Would you believe now is the time to plant spring cabbages?!  They are named for the season they are harvested in!  As some plants bolt (go to seed stalks) in warming weather, cabbages can bolt going into cooler weather!  Get disease and bolt resistant varieties.  Yellow or Fusarium wilt (F on a nursery tag means your plant is resistant to this) is a relatively common disease, we have it in the soil at Pilgrim Terrace, that causes the leaves of plants to wilt and die. The first sign of the disease is yellowing and browning of the lower leaves. The plants are stunted before wilting occurs. Grow yellows-resistant (YR) or yellows-tolerant varieties. Most modern hybrids have this tolerance or resistance bred into them.  

A bit o’ Irish folklore:  Country girls were blindfolded then led into a field where they pulled the first cabbage they could find. If the cabbage head had a lot of dirt attached to the roots, their future loved one would be wealthy. And eating the cabbage would reveal his nature – bitter or sweet!

Cauliflower, Broccoflower
:  I read they are hard to grow, but I’ve never had trouble and I see lots of our gardeners have success with them!  Maybe we’re just good!  It isn’t necessary to tie up the leaves to get a good white head, but you can do it if it makes you happy!  Get some of those pretty purple ones, or yellow!  Once they have headed up, that’s it.  Sadly, they don’t make side shoots like brocs do, nor do they ‘come back’ like cabbages.  Steam the leaves or chop and drop or compost.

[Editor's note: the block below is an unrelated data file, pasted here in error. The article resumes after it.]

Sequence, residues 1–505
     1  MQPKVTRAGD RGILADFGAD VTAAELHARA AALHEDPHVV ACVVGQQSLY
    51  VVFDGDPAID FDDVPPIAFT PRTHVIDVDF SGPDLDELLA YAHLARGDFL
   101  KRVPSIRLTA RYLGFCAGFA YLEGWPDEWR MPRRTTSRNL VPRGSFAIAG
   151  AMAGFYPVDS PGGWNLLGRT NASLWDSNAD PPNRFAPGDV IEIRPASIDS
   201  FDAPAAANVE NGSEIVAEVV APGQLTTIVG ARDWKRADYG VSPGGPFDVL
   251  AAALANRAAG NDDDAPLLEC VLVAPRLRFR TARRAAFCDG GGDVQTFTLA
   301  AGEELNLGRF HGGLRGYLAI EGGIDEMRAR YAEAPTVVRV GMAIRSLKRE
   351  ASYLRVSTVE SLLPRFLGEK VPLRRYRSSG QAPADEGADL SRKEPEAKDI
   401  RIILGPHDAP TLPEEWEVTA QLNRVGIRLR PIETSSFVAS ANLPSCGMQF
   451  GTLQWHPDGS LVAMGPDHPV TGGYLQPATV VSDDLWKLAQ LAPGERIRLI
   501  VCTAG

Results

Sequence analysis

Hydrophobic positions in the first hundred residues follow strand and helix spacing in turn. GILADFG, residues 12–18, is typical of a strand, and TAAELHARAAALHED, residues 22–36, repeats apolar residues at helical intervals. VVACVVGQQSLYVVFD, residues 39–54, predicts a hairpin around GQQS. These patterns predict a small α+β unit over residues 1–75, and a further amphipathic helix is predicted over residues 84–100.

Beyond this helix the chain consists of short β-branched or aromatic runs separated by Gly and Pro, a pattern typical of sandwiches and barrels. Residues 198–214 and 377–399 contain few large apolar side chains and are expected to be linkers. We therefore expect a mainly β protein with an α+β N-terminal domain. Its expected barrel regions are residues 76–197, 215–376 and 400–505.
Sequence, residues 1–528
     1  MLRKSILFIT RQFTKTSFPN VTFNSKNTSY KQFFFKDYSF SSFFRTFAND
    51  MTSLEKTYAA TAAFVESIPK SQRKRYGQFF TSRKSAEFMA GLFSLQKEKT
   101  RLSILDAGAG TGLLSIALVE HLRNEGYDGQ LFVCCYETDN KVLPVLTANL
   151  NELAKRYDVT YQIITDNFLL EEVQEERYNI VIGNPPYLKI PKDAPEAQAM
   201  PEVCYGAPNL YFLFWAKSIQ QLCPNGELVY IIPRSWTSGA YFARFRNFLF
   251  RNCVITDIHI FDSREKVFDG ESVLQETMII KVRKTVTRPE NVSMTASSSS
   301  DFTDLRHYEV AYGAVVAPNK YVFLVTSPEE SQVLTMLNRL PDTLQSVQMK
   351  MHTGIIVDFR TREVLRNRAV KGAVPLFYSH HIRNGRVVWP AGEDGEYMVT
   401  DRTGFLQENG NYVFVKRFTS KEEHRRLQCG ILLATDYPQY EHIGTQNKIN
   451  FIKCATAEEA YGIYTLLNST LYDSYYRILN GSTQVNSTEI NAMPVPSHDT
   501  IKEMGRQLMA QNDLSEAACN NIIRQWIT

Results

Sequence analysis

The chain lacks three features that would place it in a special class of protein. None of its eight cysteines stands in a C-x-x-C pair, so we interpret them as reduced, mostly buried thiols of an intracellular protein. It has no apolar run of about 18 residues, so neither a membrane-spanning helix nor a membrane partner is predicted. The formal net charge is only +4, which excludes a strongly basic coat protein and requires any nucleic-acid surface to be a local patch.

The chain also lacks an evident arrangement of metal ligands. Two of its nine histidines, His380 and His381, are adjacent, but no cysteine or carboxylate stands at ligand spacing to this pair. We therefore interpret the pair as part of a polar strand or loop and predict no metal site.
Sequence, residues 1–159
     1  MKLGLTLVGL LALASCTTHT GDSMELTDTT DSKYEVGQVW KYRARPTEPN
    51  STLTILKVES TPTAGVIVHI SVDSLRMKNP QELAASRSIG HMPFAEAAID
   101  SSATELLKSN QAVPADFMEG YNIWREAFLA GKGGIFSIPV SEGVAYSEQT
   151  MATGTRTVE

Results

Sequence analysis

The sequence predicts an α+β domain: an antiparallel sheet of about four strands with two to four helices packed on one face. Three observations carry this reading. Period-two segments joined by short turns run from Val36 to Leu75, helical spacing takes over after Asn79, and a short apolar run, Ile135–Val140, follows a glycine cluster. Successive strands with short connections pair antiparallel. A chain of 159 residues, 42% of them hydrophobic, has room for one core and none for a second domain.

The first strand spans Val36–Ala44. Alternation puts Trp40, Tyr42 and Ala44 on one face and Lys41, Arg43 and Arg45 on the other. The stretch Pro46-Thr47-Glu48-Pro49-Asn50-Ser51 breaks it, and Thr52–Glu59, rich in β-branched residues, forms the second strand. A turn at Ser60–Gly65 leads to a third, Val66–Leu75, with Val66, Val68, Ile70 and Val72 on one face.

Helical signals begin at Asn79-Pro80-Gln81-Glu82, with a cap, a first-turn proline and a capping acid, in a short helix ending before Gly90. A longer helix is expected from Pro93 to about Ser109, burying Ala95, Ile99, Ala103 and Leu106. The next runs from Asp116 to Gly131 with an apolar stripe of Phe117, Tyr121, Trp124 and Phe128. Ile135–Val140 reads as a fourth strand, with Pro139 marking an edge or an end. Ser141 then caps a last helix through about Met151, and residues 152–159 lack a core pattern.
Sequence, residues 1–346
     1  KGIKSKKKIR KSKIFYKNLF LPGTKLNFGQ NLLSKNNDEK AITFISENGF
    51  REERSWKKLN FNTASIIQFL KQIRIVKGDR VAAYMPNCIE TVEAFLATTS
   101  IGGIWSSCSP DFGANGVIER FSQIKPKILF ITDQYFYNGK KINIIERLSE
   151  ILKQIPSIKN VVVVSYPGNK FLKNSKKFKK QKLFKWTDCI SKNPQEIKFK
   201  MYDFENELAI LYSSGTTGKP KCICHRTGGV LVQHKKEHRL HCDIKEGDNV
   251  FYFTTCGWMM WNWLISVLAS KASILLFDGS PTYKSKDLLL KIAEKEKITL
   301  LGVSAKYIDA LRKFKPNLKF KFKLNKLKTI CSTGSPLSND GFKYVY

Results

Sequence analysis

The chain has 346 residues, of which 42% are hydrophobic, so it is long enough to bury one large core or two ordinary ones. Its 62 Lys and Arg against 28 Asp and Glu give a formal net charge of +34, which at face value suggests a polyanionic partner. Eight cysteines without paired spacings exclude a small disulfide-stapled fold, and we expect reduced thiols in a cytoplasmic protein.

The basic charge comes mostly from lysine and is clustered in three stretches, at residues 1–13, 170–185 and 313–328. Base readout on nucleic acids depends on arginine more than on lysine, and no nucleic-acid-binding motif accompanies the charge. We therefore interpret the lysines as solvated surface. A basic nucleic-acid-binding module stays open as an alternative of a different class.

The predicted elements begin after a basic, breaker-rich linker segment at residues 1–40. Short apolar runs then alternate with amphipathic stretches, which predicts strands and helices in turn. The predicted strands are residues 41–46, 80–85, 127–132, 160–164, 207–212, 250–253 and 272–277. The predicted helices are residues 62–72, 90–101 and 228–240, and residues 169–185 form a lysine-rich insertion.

Kale is King!  Cut and come again, high in Vitamin A.  Lots of fun varieties – colorful fringy more tender flat leaved Red Russian; bumpy grayish long leaved Italian heirloom Lacinato/Elephant/Dinosaur; Curly Leaf – almost twice as much leaf per leaf compared to flat leaved greens and in a smaller space!  Harvest lower leaves, let your Elephant and Curly Leaf keep growing vertical year after year, plant other crops under them.  Truly efficient use of your land.  Stake to be wind safe.  A blue-green color is associated with greater cold tolerance.

Keep a keen watch for aphids, from the very beginning.  An infestation can stunt and even kill baby plants.  Also watch for little white flies coming out from under the leaves.  Hose aphids and flies away immediately.  It’s much easier to take care of them early on, your plant will get a better start, and your neighbors’s plants won’t be infested.

Click here for Brassica Companion Plants, see last paragraph please